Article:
When Liz had completed the form, Amalia looked it over. After that, she jotted down the date and time in the lower right hand corner and signed it. Then she looked at Elizabeth Turner once more. The white pixie cut was a nice touch because the elderly woman had such a slight build, although the simple coat and heavy pants probably concealed how small she actually was. Did small mean frail? At her age, it most likely did. Nevertheless, Elizabeth Turner stood straight, straighter than many her age. Her attire might not have indicated much about her, but her frame did. So did those eyes, the ones that didn’t miss a thing about Amalia or her historical place of work, the much-respected Pejepscot Historical Association. Liz was very observant.
How old is this woman?
Amalia knew she couldn’t ask and knew she had no justification for doing it, but she said to herself it might help with classifying the journals. Lots of people date the entries - most of them do, in fact - but not everyone indicates how old they are when they are writing, even though this is quite a key feature: the age of the author, especially the author of a journal.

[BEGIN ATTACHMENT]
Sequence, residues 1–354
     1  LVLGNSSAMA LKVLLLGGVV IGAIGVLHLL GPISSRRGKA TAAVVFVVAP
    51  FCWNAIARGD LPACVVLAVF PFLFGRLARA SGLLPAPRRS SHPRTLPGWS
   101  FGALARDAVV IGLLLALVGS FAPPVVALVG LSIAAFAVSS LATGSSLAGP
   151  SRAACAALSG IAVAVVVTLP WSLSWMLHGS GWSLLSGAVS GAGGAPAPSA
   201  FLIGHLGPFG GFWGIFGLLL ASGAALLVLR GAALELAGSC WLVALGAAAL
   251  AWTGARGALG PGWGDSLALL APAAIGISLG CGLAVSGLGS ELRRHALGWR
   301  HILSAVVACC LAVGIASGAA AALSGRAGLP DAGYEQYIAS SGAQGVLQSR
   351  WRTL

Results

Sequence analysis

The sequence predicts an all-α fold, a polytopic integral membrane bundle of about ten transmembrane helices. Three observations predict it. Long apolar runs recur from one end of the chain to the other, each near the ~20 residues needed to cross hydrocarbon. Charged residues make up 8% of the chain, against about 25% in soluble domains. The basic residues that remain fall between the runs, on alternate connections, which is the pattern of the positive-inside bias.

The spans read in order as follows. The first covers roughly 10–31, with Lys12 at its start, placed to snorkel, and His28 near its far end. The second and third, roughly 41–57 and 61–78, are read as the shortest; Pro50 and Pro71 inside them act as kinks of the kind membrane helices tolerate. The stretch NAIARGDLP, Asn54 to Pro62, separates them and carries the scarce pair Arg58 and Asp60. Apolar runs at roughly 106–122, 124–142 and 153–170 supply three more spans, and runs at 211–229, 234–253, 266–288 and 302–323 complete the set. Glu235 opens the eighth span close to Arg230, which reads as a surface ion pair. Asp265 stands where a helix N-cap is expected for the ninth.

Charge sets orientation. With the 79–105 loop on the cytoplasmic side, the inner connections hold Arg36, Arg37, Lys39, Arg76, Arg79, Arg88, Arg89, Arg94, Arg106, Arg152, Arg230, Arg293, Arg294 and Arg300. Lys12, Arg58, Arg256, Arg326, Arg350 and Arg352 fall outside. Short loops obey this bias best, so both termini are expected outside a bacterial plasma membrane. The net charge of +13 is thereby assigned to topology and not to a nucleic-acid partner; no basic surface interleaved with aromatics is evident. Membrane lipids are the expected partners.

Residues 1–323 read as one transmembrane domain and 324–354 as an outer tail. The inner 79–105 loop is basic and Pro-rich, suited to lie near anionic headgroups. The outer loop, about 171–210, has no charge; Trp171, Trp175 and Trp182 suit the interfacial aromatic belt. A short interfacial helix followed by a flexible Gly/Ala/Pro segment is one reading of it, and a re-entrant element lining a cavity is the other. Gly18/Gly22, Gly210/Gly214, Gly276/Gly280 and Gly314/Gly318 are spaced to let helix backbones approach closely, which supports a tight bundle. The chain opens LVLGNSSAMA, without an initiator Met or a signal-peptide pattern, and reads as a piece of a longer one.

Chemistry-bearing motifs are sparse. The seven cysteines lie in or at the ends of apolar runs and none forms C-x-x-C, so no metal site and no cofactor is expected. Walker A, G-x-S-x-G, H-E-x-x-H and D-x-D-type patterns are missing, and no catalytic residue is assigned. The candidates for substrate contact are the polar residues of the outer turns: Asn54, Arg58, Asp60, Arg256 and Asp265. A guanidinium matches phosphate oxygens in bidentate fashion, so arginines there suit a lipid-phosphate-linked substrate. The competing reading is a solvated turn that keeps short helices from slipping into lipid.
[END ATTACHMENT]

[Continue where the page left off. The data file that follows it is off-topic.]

This Liz could have been anywhere between seventy and eighty, give or take a few years. Closer to eighty, perhaps. Yet those eyes and that hair. She must have been cute and perky (a word people used to use for girls back then) when she was younger and must have had lots of boyfriends. Amalia was willing to bet the journals were full of stories about her dates and crushes, things like that. Girl stuff, romance, a future with some form of love and family in it.
“I must go, but I can come back any time if you need me to clarify anything,” Liz was saying. “Don’t be shy.” Amalia had half-expected the visitor to want to hang around and tell stories about her girlhood and how it had been like growing up in Brunswick. She’d already prepared an excuse about how she had to get back to her work.
Shy? That’s on odd thing to say. After all, these were probably just stories of youth and adolescence.
And so it was that in less than a quarter of an hour, Elizabeth Turner was gone, having accomplished her mission of passing her life on to strangers who might or might not ever read it. At that point, distracted by the brief conversation with the visitor, Amalia simply decided she would leave her file folders organized on her desk. That would make the next day’s work simpler. When she finished placing the five folders in a straight row, there was still a quarter of an hour left. That led her to pick up Liz’s journals because she found that she was curious about them and wanted to get a closer look. Purely out of professional interest.
The journals, each of a different color and well cared for, did not have any identification on their outer covers, but they all had labels on the inside covers. However, the labels weren’t anything Amalia had expected.